Innovative ways to design out crime
Press release issued: 4 November 2008
A programme of work to develop new and innovative design solutions to help prevent robbery, to crime-proof hot new gadgets and to embed public safety in the design of new public spaces and housing was announced today [Tuesday, November 4].
Over the next three years, the UK’s top designers will bring together industry, the public sector, designers and crime prevention experts with victims of crime. Backed by £1.6 million, new design-led ideas will be prototyped and exhibited to showcase the UK’s world-class innovation and demonstrate their market potential.
The programme, led by the Design Council, will work on developing solutions to a wide range of crime-related problems, particularly those which affect young people, including:
- Schools – finding and applying specific design solutions to reduce problems such as bullying, fighting and petty theft in schools. This is being led by Sir John Sorrell, Chair of the Commission for Architecture and the Built Environment and the Sorrell Foundation.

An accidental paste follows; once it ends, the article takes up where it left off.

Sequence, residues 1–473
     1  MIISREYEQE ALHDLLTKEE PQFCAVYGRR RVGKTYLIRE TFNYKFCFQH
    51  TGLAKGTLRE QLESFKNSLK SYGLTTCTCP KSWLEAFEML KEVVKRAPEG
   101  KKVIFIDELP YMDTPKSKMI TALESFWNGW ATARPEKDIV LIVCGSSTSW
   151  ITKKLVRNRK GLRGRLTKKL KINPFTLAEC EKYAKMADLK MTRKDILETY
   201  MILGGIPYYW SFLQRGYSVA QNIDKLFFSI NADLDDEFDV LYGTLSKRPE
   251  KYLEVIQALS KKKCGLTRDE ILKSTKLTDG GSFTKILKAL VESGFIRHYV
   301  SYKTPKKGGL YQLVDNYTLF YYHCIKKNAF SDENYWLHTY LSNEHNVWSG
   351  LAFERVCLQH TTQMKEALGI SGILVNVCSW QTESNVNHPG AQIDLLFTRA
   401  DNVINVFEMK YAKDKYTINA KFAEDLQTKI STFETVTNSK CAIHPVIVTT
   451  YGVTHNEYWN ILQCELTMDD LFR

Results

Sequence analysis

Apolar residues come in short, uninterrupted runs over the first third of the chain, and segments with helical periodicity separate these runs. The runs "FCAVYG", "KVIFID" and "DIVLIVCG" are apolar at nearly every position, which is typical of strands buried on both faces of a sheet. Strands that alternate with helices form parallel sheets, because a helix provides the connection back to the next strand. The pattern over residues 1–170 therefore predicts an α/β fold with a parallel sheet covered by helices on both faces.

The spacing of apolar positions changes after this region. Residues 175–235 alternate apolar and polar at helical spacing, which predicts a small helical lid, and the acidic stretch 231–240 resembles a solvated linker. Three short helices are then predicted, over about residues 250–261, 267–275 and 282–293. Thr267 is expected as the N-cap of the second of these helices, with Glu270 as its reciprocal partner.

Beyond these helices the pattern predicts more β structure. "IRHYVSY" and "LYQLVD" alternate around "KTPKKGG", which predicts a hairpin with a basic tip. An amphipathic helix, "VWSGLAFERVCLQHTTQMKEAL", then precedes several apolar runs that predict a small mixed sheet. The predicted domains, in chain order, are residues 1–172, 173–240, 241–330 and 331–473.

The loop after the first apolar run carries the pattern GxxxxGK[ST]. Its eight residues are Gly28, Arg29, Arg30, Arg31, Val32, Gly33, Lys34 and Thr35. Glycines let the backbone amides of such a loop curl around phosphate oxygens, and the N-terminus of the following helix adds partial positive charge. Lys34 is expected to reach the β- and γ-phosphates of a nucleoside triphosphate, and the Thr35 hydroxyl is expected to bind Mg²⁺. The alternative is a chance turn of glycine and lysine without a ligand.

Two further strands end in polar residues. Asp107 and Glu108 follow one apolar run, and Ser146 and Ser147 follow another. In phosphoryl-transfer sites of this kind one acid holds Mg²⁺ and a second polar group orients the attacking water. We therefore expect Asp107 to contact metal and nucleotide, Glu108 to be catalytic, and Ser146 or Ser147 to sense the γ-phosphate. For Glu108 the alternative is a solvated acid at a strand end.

- ‘Hot’ products – developing innovations in technology, services and product design which help make personal electronics more ‘crime-proof’. This is being led by Joe McGeehan, Professor of Communications Engineering and Director of the Centre for Communications Research at Bristol University.
- Housing - embedding design-led crime reducing approaches in the planning and construction of housing, led by Ken Pease, a forensic psychologist and visiting Professor at University College London.
- Alcohol-related crime – finding design-led approaches to reduce the harm caused by alcohol-related antisocial and criminal behaviour, especially assaults in pubs and clubs. This is being led by Jeremy Myerson, Professor of Design Studies at the Royal College of Art.